From the Director: Celebrating Teaching at Denison!
Earlier this month I participated in a celebration of teaching at Denison. Colleagues opened their classroom doors onto worlds of 19th-century American radicalism, Rogerian therapy, and Canadian short stories. I had an amazing week!
This “Open Doors” event, which spanned over two days and involved nearly 70 participants, was made possible through the creativity and energy of Teaching Matters! (John Davis, May Mei, and Chris Westover) and in particular the exemplary leadership of Laura Russell and the mad organizational skills of Aleksa Kaups, Project Assistant for the CfLT.
When Laura first broached the possibility of doing “Open Doors” (she took inspiration from a similar initiative held at Vanderbilt University), I will confess: I was skeptical. The sheer logistics seemed daunting and, more importantly, the ethos at the core of what she was proposing—that faculty would genuinely want to see one another teach, without the vestiges of formal summative or formative assessments serving to prod us—seemed woefully idealistic. I am grateful that nevertheless she persisted.
What resulted was remarkable: Over two dozen colleagues opened their classroom spaces for visitors. To ensure classrooms weren’t overwhelmed, Laura prudently held the number of visitors to a given class to two. Sign-up sheets circulated in the magic of google forms and colleagues self-selected to determine which class(es) they wanted to observe (recognizing that space was limited). All told: nearly 50 people made time in their busy schedules to watch colleagues hold classes on such things as social and political philosophy, population and community ecology, and film aesthetics and analysis, to name just three.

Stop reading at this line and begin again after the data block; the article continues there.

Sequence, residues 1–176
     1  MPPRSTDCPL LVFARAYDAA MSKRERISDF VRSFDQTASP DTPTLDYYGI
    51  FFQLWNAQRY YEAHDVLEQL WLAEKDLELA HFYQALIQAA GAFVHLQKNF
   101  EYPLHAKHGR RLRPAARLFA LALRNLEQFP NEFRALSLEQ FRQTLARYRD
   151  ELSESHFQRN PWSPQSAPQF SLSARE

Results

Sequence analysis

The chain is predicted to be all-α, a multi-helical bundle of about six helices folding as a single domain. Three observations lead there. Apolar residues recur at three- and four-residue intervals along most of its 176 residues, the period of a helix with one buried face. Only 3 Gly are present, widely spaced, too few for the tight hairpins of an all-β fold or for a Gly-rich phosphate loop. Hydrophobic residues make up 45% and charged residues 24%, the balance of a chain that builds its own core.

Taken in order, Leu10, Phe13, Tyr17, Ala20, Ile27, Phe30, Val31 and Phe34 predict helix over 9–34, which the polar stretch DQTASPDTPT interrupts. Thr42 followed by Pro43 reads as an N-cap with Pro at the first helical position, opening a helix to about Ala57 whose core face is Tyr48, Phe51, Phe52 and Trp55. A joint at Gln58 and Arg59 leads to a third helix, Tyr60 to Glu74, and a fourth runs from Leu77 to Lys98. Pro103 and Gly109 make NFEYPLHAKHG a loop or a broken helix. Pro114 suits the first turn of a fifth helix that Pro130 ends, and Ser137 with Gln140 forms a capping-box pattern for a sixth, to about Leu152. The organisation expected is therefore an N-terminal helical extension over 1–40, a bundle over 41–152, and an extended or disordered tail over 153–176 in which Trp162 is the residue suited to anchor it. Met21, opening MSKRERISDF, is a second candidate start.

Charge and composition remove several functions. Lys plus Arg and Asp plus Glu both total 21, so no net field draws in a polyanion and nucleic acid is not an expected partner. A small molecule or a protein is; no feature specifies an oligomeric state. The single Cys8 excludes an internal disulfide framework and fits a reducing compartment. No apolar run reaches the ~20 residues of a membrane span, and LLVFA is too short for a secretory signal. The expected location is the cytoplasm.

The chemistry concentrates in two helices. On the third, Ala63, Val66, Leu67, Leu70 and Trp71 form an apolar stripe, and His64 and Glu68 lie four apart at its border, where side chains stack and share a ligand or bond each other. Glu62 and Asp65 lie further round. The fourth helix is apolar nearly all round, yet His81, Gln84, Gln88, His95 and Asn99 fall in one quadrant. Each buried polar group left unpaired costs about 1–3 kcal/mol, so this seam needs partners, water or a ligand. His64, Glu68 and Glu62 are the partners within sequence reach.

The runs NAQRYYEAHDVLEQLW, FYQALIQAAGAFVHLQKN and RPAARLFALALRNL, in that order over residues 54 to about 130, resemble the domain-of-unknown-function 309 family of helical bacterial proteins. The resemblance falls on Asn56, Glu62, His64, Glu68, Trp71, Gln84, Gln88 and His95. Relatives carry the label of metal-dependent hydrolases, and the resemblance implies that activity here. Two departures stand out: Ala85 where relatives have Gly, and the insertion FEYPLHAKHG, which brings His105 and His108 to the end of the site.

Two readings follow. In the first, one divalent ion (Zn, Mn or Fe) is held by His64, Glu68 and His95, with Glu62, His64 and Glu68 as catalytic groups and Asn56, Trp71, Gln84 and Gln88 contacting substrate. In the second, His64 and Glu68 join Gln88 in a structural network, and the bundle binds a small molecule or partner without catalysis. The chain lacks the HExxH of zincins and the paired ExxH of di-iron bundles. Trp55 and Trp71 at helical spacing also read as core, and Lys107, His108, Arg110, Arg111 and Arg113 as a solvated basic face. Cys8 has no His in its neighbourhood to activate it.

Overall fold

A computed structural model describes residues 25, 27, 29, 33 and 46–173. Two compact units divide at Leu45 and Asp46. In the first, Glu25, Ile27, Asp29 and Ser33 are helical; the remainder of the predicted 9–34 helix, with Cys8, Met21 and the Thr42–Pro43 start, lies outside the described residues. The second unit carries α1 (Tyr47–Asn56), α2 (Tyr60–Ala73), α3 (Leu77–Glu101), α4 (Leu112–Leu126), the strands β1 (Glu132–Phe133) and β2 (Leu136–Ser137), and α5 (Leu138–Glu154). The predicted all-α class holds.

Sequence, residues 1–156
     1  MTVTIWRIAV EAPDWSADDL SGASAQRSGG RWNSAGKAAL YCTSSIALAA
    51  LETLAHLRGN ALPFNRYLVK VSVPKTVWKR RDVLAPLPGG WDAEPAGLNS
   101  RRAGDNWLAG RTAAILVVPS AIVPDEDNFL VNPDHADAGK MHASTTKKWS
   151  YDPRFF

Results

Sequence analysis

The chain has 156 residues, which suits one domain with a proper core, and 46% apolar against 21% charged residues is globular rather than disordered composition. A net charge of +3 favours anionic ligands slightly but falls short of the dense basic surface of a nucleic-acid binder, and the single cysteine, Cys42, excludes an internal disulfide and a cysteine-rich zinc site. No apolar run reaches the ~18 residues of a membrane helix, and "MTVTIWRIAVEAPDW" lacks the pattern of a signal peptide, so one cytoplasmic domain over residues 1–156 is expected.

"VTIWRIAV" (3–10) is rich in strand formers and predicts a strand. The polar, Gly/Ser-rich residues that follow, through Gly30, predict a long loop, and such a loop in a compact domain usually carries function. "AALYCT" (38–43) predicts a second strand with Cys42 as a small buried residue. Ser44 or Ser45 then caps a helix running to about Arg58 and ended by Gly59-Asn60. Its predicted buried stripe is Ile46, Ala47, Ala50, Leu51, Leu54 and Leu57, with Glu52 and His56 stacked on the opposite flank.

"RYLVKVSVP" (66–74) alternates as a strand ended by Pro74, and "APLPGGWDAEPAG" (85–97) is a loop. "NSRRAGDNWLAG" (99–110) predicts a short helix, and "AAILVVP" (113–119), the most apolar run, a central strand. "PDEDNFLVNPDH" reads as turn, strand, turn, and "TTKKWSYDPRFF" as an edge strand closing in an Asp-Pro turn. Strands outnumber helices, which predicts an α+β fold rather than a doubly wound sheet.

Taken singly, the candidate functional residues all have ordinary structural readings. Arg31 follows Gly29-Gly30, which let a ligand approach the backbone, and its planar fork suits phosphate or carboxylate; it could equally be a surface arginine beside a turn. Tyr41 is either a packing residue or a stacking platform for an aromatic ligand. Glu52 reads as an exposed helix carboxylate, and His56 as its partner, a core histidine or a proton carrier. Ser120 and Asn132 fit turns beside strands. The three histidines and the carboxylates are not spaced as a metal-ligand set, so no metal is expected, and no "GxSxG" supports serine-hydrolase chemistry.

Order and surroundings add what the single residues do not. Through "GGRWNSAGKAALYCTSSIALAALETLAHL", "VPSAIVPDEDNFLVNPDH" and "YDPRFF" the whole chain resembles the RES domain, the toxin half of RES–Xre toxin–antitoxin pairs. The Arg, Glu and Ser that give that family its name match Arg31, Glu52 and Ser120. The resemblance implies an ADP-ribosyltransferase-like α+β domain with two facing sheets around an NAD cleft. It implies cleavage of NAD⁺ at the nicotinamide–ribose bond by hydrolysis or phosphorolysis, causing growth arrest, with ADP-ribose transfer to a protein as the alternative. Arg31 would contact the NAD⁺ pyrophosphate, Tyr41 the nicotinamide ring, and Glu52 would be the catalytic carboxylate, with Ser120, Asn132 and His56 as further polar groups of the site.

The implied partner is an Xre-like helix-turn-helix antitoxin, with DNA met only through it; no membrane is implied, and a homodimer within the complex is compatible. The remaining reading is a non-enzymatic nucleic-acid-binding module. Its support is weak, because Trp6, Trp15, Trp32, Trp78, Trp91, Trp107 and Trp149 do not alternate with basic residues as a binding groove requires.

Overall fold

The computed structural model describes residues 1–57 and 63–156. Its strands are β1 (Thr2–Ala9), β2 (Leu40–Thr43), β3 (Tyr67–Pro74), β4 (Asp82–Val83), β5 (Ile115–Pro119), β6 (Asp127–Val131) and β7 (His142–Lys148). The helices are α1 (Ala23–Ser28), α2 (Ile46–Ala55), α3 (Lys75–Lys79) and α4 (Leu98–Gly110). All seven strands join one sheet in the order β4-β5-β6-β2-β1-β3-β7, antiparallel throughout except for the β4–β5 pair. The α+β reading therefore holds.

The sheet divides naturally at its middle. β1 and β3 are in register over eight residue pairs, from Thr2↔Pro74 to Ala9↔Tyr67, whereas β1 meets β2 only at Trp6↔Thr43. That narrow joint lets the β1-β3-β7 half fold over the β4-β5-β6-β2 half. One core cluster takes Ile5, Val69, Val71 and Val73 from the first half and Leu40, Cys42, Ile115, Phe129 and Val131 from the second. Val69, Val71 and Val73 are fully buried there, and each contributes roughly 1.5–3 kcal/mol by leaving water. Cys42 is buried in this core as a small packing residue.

Early feedback on the initiative has repeated a familiar chorus: People loved it! For many of us, the chance to “be a student again” was both energizing and inspiring. For others, the opportunity to informally observe colleagues carry out their crafts as teachers, and the chance to borrow a useful tool, trick, or tip, proved an ever-useful “take-away.”
But perhaps what was most important was this: In opening our classroom doors we were reminded about what we love in common: Teaching and learning matter profoundly at Denison, and colleagues are working across the campus to create opportunities for students to learn, reflect, risk, and grow. These opportunities are inflected by ideas we care deeply about, and to which we have devoted our working, waking lives. The result: We were blessed to remember that this work we do matters so very much.
My profound gratitude once more to Laura, Aleksa, and the entire Teaching Matters! Team, as well as to everyone who participated in some form or fashion in the “open doors” initiative. Colleagues already have begun to ask, “Can we do this again?” I’ll only say: Watch for upcoming announcements.
Continued best wishes for the fall semester and may the Fall Study Break provide you with what you need as part of your continued commitments to teaching excellence and our students’ learning.